Price: Free

Causal Inference 1 is the first component of a 2-part series that explores a complex mathematical survey of causal inference at the Master’s level. 

It includes lessons on the evolution of statistical literature on causal inference and data collection methods to estimate the causal relationship. You will also learn how to determine if a relationship is causal or non-causal, how to analyze methods that can be used to project effects and so much more.

Michael E. Sobel, statistics professor, divides the course into 6 modules: 

  • Key Ideas
  • Randomization Inference
  • Regression 
  • Propensity Score 
  • Matching
  • Special Topics 

Each module includes a series of video lectures and supplementary readings. You will also take 5 quizzes to assess your comprehension and identify areas where you need to spend more time. 

Expect to spend 12 hours working through the material.

3. Causal Inference 2 

Who it's for: Advanced students interested in exploring causal inference 

Price: Free

In the second part of the series, Professor Michael E. Sobel continues covering advanced topics related to causal inference. 

Causal Inference 2 consists of 5 modules: 

  • Introduction to Mediation 
  • More on Mediation 
  • Instrumental Variables, Principal Stratification and Regression Discontinuity 
  • Longitudinal Causal Inference 
  • Interference and Fixed Effects 

It takes approximately 6 hours to reach the finish line, and you will watch video lectures, read supplementary material and take quizzes during each module.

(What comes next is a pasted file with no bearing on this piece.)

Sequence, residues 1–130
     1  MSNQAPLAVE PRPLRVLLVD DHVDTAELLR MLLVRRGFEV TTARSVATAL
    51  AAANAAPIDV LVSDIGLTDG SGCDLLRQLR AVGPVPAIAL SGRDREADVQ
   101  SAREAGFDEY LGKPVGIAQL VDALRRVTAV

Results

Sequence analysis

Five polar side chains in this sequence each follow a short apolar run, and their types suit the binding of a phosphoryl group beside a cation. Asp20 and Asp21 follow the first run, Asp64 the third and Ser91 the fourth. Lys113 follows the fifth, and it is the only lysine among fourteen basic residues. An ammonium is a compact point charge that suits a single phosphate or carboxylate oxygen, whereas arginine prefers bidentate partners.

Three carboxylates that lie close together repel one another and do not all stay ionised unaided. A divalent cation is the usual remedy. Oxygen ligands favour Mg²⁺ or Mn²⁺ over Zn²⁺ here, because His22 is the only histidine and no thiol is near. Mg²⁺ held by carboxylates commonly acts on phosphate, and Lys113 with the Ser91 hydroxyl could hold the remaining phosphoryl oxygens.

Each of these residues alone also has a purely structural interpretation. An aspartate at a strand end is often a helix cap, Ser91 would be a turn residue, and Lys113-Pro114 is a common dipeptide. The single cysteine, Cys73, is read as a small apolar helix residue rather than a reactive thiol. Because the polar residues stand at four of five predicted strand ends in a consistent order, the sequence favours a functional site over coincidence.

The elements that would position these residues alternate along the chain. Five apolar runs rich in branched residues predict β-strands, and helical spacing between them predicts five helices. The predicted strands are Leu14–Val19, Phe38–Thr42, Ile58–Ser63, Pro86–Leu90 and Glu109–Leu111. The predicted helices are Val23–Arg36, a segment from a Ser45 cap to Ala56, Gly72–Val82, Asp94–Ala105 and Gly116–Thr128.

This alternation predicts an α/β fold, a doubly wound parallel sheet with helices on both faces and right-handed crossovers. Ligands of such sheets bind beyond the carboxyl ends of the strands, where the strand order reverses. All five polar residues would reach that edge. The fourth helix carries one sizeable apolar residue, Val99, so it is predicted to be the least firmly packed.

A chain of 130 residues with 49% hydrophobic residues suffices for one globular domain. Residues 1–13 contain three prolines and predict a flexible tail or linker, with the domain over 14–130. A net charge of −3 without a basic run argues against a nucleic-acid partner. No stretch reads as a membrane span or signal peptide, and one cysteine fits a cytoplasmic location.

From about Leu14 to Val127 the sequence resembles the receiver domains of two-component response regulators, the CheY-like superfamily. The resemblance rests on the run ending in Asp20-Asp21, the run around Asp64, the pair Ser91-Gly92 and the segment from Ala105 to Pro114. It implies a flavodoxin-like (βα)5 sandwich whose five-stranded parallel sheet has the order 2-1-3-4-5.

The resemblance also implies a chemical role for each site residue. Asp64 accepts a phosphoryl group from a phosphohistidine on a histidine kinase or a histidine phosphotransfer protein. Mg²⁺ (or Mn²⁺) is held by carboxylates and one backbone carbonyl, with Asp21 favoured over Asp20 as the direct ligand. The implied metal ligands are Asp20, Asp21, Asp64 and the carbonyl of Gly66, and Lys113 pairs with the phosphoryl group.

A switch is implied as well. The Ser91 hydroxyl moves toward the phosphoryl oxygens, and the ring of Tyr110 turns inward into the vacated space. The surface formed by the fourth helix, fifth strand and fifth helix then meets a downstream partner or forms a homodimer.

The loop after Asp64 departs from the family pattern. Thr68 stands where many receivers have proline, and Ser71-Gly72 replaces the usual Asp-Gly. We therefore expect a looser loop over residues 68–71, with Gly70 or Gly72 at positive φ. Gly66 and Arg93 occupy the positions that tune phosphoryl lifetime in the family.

Complete Causal Inference 1 before you register for this course. 

4. Financial Engineering and Risk Management Part I

Who it's for: Students seeking financial engineering knowledge

Price: Free

Financial Engineering and Risk Management Part I is designed for students who want to gain a more in-depth understanding of how financial engineering works behind the scenes. It also dives into the limitations of financial engineering, the development of derivatives pricing models, asset allocation, portfolio optimization and more. Plus, you will learn how financial engineering is applied to algorithmic trading, commodity and energy derivatives and options. 

Here’s what you can expect to learn in the course: 

  • Course Overview
  • Introduction to Basic Fixed Income Securities
  • Introduction to Derivative Securities 
  • Option Pricing in the Multi-Period Binomial Model 
  • Team Structure Models I
  • Team Structure Models II and Introduction to Credit Derivatives 
  • Introduction to Mortgage Mathematics and Mortgage-Backed Securities
  • Background Material